Originally posted by ESPNOscar De La Hoya sustained a cut on his left hand Wednesday that required 11 stitches, but Saturday night's middleweight championship fight against Bernard Hopkins isn't in jeopardy.
Now, this is just my opinion, of course, but this is crazy. De La Hoya was a 2-1 underdog against Hopkins to begin with, but at least there was the hope that he could hold off Hopkins and make it a good fight, perhaps even pull off the upset. However, without his left hand, his good hand, De La Hoya will be lucky to leave the ring alive against Hopkins. This fight should be postponed immediately, because with only one good hand De La Hoya is in danger of being seriously injured.
A wrestler I know once took a Bas Rutten liver shot. He said it was the absolute worst he's ever been hit.
There is a theory which states that if ever anyone discovers exactly what the Universe is for and why it is here, it will instantly disappear and be replaced by something even more bizarre and inexplicable. There is another theory which states that this has already happened. - The Restaurant at the End of the Universe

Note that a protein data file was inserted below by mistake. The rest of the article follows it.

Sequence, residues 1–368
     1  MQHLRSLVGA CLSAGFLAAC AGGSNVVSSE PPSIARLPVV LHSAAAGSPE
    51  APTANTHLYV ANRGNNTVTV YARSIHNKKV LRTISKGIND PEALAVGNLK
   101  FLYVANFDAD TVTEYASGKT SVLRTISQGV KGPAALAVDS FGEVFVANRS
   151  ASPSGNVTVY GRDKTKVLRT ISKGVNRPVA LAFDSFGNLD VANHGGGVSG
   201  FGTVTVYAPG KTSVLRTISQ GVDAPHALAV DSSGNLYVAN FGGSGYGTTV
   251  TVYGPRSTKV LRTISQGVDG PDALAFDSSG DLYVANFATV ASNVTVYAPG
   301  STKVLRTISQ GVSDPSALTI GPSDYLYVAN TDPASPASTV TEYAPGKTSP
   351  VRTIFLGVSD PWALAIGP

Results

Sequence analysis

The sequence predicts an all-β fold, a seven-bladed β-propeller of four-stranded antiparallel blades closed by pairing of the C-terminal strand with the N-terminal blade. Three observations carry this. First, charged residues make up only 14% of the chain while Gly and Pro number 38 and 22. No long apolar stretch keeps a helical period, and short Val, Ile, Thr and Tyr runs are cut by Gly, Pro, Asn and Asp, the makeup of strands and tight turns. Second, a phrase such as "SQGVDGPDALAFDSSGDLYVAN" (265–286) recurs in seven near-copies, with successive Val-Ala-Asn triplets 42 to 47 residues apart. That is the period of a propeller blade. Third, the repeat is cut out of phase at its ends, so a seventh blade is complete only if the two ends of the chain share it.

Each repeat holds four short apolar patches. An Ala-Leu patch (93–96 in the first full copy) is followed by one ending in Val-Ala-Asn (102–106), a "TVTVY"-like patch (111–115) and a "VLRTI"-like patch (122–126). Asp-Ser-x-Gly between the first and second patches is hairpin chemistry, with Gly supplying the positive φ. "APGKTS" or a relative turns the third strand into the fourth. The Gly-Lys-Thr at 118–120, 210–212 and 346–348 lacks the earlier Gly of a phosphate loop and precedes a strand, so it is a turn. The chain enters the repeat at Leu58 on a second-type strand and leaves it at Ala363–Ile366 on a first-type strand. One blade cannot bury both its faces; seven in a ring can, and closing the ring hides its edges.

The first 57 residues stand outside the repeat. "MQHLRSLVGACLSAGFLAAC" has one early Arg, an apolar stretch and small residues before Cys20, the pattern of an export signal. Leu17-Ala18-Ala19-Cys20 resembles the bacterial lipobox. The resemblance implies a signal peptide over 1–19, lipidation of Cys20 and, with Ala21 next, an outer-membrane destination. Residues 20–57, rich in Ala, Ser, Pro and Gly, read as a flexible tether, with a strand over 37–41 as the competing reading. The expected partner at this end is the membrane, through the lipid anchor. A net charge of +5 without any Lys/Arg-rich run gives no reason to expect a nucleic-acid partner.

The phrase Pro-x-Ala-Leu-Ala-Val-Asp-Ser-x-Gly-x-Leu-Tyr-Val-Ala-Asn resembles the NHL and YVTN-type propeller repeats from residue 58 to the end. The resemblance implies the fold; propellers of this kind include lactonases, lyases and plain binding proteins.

Hopkins is already in the greatest conversations. He has not lost ina decade and he has 19 straight successful title defenses. Oscar is a good fighter, not a great one. I was glad to see him get pounded.
Gatti stopped Dorin with a similar shot not too long ago. If you get hit hard in the right spot in the gut, you won't be able to stand up for a week. The first thing you learn in defense is to keep your right elbow tight at your side right over that spot.
I don't really know about Hopkins in the greatest debates. He's only had three fights against really top-tier opposition and lost one of them pretty badly. He needs to beat the next couple 154-pounders that step up, as there's nobody else good at 160 (Mosley or Wright maybe) - both of whom would be tougher than De La Hoya.
The really sad thing is, Oscar's going to still make 25 millon+ from his next fight, and Hopkins will be lucky to break 7 digits.
Man's most valuable trait is a judicious sense of what not to believe. - Euripides